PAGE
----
Correlated electronic structure theory for challenging systems
Taylor, Daniel J.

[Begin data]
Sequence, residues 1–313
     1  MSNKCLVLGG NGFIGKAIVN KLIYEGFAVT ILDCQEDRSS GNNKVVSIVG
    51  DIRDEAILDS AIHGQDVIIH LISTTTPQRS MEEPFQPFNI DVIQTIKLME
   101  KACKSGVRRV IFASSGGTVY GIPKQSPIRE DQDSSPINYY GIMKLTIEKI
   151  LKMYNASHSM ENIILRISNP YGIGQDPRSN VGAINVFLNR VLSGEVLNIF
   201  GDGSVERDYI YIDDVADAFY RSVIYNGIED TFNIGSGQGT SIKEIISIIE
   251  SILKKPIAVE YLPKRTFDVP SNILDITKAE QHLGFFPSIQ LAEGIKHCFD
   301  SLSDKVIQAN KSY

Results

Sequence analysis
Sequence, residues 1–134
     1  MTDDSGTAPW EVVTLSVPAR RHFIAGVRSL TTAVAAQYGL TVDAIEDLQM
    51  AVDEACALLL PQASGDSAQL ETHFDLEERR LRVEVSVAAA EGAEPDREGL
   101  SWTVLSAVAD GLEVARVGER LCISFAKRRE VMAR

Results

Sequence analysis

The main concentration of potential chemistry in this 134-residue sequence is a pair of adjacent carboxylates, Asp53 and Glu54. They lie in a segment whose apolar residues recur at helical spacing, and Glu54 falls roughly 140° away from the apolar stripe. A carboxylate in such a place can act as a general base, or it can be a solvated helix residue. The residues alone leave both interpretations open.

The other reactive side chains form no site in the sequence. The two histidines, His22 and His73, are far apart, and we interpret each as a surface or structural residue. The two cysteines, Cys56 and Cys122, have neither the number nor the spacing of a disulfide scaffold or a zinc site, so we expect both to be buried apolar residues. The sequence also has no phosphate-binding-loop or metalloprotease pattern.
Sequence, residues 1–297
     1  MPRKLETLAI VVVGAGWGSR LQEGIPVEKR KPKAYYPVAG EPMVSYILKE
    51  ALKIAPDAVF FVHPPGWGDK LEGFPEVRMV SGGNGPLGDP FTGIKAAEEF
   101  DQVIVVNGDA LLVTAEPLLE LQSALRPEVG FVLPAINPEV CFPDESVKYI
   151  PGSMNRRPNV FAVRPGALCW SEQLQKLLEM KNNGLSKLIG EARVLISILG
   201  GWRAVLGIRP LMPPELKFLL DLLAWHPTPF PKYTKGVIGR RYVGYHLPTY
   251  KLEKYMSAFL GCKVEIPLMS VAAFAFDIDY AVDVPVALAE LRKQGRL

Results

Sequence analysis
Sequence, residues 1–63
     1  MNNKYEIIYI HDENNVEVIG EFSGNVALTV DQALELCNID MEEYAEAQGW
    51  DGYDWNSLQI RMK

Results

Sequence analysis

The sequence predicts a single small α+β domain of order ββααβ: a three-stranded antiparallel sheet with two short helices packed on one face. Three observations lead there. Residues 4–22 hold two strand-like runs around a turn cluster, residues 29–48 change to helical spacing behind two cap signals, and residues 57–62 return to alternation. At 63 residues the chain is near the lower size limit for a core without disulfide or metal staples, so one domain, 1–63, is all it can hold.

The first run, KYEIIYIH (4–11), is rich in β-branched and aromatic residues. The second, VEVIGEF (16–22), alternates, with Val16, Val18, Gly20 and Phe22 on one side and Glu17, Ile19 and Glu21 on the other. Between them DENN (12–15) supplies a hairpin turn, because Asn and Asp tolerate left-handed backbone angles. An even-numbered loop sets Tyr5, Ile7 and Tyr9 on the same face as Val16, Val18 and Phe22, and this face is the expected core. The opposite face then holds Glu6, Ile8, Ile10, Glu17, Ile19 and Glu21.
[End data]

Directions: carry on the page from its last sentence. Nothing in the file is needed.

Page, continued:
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The photochemistry of molecules can be investigated computationally, and this provides great insight into the underlying chemistry and physics. Such computational approaches are challenging and can pose many difficulties compared to ground state methodologies. Care must be taken to accurately describe these systems, as some lowlevel approximate methods can fail. The geometrical and electronic structures (TiO2)n clusters (n=1-4) have been investigated. These are of enormous technological interest as wide band-gap semiconductors yet the nature of electronic transitions in nano-sized clusters has yet to be fully elucidated. Structures of the neutral closed-shell, radical cationic and radical anionic clusters at each size are described and rationalised in terms of the pseudo-Jahn- Teller effect. We have used high-level response theory to set benchmarks for such systems. The TiO2 monomer is the simplest of the clusters studied yet proves a stern test for many lower order ab-initio methods. It is shown that high-level methods are required to properly describe this simple molecule. The Monte Carlo Configuration Interaction method attempts to combine the power of Full CI with a scalability that allows it to be used to study much larger systems. It can be systematically improved and can approach the accuracy of the Full CI method. This method is applied here to investigate potential energy surfaces and multipole moments of a range of small but challenging systems.